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Is Workday (NASDAQ:WDAY) Using Too Much Debt?

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Some say volatility, rather than debt, is the best way to think about risk as an investor, but Warren Buffett famously said that 'Volatility is far from synonymous with risk.' So it seems the smart money knows that debt - which is usually involved in bankruptcies - is a very important factor, when you assess how risky a company is. Importantly, Workday, Inc. (NASDAQ:WDAY) does carry debt. But should shareholders be worried about its use of debt?

Why Does Debt Bring Risk?

Generally speaking, debt only becomes a real problem when a company can't easily pay it off, either by raising capital or with its own cash flow. Part and parcel of capitalism is the process of 'creative destruction' where failed businesses are mercilessly liquidated by their bankers. However, a more usual (but still expensive) situation is where a company must dilute shareholders at a cheap share price simply to get debt under control. Of course, debt can be an important tool in businesses, particularly capital heavy businesses. When we examine debt levels, we first consider both cash and debt levels, together.

Check out our latest analysis for Workday

How Much Debt Does Workday Carry?

You can click the graphic below for the historical numbers, but it shows that as of April 2022 Workday had US$4.12b of debt, an increase on US$1.86b, over one year. But it also has US$6.26b in cash to offset that, meaning it has US$2.13b net cash.

debt-equity-history-analysis
debt-equity-history-analysis

How Strong Is Workday's Balance Sheet?

The latest balance sheet data shows that Workday had liabilities of US$4.78b due within a year, and liabilities of US$3.24b falling due after that. Offsetting these obligations, it had cash of US$6.26b as well as receivables valued at US$778.1m due within 12 months. So it has liabilities totalling US$984.9m more than its cash and near-term receivables, combined.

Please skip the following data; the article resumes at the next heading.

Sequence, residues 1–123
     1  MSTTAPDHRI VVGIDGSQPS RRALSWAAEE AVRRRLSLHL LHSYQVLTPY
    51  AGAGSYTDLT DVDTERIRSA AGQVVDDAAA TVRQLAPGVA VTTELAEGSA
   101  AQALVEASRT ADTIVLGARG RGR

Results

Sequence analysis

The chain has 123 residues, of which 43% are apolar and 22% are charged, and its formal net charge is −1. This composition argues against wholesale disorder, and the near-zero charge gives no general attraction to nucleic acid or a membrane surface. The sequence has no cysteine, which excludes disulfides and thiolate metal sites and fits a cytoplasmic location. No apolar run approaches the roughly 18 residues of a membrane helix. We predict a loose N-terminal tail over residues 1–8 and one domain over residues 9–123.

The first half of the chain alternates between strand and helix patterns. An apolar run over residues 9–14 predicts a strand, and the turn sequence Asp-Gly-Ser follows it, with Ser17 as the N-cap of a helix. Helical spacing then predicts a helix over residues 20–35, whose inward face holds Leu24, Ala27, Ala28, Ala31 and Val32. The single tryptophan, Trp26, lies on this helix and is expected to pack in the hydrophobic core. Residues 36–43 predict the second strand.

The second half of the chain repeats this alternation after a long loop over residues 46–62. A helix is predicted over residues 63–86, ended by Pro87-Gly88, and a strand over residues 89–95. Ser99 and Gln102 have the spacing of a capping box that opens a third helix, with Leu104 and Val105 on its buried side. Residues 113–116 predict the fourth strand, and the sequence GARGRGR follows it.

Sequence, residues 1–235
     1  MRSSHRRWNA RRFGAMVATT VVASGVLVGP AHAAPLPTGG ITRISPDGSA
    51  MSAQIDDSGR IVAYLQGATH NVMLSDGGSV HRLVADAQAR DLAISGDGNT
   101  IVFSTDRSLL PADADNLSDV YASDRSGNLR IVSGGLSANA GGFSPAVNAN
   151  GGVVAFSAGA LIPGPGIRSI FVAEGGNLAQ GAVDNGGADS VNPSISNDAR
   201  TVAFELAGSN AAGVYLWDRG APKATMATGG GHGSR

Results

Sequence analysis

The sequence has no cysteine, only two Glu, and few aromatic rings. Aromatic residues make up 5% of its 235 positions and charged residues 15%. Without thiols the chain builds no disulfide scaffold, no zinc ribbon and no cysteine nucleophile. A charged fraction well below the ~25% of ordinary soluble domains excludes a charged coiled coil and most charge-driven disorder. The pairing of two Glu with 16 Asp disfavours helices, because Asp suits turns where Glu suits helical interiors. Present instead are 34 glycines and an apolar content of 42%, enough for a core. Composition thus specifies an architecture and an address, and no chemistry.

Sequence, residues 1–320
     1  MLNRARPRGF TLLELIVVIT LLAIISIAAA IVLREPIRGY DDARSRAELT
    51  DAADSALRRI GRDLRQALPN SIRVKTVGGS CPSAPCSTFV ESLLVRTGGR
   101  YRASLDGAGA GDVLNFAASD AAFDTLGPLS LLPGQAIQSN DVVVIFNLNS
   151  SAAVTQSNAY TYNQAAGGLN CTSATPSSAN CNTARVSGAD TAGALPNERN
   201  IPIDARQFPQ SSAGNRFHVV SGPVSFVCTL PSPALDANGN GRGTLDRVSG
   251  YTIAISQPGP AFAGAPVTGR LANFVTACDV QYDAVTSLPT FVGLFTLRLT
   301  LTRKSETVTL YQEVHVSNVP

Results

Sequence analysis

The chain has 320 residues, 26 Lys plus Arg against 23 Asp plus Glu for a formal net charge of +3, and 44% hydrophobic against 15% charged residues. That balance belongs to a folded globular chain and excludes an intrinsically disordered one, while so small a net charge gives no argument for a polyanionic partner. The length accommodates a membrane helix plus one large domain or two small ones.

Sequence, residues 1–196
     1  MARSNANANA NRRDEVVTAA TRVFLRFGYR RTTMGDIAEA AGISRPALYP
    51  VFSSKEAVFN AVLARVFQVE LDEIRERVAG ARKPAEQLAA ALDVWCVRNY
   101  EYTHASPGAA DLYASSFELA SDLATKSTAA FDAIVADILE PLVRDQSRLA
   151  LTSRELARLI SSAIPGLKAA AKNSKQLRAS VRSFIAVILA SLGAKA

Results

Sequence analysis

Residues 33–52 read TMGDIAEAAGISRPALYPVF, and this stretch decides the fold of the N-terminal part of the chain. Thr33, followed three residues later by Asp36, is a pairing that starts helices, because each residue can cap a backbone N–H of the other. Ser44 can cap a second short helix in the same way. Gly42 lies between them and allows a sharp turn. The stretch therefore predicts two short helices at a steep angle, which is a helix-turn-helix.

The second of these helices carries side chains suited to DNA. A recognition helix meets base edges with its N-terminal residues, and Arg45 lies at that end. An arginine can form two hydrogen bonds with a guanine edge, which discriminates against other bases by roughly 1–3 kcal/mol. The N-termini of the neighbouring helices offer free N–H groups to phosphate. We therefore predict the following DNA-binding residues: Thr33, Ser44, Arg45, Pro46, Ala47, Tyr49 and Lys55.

Of course, Workday has a titanic market capitalization of US$41.2b, so these liabilities are probably manageable. Having said that, it's clear that we should continue to monitor its balance sheet, lest it change for the worse. Despite its noteworthy liabilities, Workday boasts net cash, so it's fair to say it does not have a heavy debt load! When analysing debt levels, the balance sheet is the obvious place to start. But it is future earnings, more than anything, that will determine Workday's ability to maintain a healthy balance sheet going forward. So if you want to see what the professionals think, you might find this free report on analyst profit forecasts to be interesting.

Over 12 months, Workday reported revenue of US$5.4b, which is a gain of 21%, although it did not report any earnings before interest and tax. With any luck the company will be able to grow its way to profitability.

So How Risky Is Workday?

While Workday lost money on an earnings before interest and tax (EBIT) level, it actually generated positive free cash flow US$1.4b. So taking that on face value, and considering the net cash situation, we don't think that the stock is too risky in the near term. One positive is that Workday is growing revenue apace, which makes it easier to sell a growth story and raise capital if need be. But we still think it's somewhat risky. There's no doubt that we learn most about debt from the balance sheet. However, not all investment risk resides within the balance sheet - far from it. Case in point: We've spotted 3 warning signs for Workday you should be aware of.

Of course, if you're the type of investor who prefers buying stocks without the burden of debt, then don't hesitate to discover our exclusive list of net cash growth stocks, today.

Have feedback on this article? Concerned about the content? Get in touch with us directly. Alternatively, email editorial-team (at) simplywallst.com.

This article by Simply Wall St is general in nature. We provide commentary based on historical data and analyst forecasts only using an unbiased methodology and our articles are not intended to be financial advice. It does not constitute a recommendation to buy or sell any stock, and does not take account of your objectives, or your financial situation. We aim to bring you long-term focused analysis driven by fundamental data. Note that our analysis may not factor in the latest price-sensitive company announcements or qualitative material. Simply Wall St has no position in any stocks mentioned.

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